annotations:
    kubernetes.io/ingress.class: "gce"
    kubernetes.io/ingress.global-static-ip-name: "ingress-webapps"
spec:
  rules:
  - host: "www.web01.com"
    http:
      paths:
      - pathType: ImplementationSpecific
        path: "/"
        backend:
          service:
            name: web01-service
            port:
              number: 8080
  - host: "www.web02.com"
    http:
      paths:
      - pathType: ImplementationSpecific
        path: "/"
        backend:
          service:
            name: web02-service
            port:
              number: 8080

Path-Based Routing Using GKE Ingress

Now, let’s say you have many backend services that need to be routed based on a specific path. In that case, your ingress would like the following.

apiVersion: networking.k8s.io/v1
kind: Ingress
metadata:
  name: nginx-ingress
  annotations:
    kubernetes.io/ingress.class: "gce"
    kubernetes.io/ingress.global-static-ip-name: "ingress-webapps"
spec:
  rules:
  - http:
      paths:
      - path: "/*"
        pathType: ImplementationSpecific
        backend:
          service:
            name: nginx-service
            port:
              number: 80
      - path: "/api"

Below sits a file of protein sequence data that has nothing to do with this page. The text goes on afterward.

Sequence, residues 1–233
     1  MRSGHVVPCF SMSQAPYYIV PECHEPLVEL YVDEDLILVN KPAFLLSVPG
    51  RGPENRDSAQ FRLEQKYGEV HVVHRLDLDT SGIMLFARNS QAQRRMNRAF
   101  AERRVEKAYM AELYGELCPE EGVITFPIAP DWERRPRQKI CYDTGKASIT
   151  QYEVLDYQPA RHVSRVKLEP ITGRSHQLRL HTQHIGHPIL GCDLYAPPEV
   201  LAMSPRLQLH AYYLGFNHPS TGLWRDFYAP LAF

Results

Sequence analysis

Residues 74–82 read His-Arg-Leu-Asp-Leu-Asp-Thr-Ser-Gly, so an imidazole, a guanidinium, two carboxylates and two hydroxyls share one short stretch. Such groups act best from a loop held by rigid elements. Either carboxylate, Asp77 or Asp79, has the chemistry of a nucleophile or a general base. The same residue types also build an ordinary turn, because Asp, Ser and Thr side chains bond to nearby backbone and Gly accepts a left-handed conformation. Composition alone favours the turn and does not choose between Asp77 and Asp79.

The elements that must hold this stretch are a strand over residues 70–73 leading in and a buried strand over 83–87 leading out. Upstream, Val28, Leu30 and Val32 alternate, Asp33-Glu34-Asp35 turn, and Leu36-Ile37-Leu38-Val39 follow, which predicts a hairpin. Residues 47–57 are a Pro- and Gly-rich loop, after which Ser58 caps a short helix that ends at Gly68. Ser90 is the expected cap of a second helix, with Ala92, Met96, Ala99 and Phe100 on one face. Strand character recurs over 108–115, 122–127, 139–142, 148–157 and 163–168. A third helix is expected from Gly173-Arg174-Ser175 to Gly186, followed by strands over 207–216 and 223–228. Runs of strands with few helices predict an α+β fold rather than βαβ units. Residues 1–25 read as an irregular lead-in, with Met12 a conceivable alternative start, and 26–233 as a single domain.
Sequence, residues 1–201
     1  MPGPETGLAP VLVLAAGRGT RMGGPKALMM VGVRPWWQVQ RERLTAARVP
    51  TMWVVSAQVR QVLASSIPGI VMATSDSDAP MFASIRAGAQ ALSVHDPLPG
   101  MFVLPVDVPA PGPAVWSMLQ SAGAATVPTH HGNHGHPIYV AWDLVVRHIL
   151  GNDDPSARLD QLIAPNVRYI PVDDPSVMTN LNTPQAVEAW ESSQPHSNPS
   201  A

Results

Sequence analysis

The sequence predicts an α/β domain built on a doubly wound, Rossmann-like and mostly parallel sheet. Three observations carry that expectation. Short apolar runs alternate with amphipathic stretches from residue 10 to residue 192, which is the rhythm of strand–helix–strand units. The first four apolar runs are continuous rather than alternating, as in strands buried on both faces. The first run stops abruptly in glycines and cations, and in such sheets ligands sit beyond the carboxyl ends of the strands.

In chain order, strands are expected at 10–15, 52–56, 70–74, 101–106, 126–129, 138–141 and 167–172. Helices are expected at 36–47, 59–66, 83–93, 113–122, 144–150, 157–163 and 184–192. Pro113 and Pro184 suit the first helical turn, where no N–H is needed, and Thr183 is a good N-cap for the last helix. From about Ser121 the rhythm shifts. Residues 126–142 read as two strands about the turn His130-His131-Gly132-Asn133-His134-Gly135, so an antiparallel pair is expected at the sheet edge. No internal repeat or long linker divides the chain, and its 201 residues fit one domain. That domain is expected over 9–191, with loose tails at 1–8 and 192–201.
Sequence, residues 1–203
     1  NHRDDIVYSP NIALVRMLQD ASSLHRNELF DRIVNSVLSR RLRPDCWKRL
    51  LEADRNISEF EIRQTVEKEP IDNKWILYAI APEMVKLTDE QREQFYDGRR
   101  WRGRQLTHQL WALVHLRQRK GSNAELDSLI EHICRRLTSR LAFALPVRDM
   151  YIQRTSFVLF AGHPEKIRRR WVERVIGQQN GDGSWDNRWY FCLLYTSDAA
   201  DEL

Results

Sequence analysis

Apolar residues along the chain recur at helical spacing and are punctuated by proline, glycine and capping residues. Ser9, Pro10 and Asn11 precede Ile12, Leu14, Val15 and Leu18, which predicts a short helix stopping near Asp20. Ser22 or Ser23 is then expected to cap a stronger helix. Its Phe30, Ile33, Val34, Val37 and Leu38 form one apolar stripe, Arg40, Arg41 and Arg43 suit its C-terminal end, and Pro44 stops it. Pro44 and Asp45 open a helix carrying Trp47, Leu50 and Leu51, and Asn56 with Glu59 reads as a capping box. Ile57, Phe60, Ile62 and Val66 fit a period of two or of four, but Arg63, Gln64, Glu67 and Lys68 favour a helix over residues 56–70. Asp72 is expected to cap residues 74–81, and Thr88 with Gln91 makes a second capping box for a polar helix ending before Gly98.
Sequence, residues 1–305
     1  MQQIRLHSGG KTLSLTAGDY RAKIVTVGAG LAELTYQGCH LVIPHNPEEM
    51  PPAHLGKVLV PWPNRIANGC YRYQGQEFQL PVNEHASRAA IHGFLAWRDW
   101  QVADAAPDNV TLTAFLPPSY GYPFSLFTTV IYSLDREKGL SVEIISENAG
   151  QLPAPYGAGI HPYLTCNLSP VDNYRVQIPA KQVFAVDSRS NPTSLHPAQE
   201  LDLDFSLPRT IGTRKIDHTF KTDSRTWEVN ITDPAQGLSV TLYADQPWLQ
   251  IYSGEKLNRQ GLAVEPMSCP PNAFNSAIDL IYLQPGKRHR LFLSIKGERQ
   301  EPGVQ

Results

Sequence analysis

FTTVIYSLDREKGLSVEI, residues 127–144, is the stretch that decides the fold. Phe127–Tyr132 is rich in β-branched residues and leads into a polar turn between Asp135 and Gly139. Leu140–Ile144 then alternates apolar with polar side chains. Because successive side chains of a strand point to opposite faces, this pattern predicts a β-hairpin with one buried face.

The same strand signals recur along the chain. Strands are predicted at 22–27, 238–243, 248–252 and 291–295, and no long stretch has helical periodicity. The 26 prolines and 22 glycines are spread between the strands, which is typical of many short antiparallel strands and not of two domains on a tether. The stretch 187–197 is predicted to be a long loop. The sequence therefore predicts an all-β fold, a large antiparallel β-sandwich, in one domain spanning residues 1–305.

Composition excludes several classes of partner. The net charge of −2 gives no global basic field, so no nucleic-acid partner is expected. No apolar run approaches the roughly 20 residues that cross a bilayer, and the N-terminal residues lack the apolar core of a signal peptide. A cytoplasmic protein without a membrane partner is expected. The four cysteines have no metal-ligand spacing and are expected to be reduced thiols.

pathType: ImplementationSpecific
        backend:
          service:
            name: api-service
            port:
              number: 80
       - path: "/users"
        pathType: ImplementationSpecific
        backend:
          service:
            name: user-service
            port:
              number: 80

Multiple Ingress Resources with Single GKE Ingress Controller

When we setup ingress controllers like Nginx, you can have multiple ingress resources mapped to a single Ingress controller.

However, when it comes to GKE Loadbalancer based ingress controllers, you cannot map multiple ingress objects to a single GKE ingress controller.

For each ingress object or a resource, a separate Google Loadbalancer will be provisioned.

Here is what the google cloud document says about the multiple ingress resource mapping limitation.

Combining multiple Ingress resources into a single Google Cloud load balancer is not supported.

The one way to circumvent this problem is to have all the ingress rules in a single ingress resource.

There is a limitation of a maximum of 50 paths per backend mapping. See out all the Quota limitations.

Customizing GKE Ingress Configurations

The example we have seen uses all the default settings of the GKE ingress controller.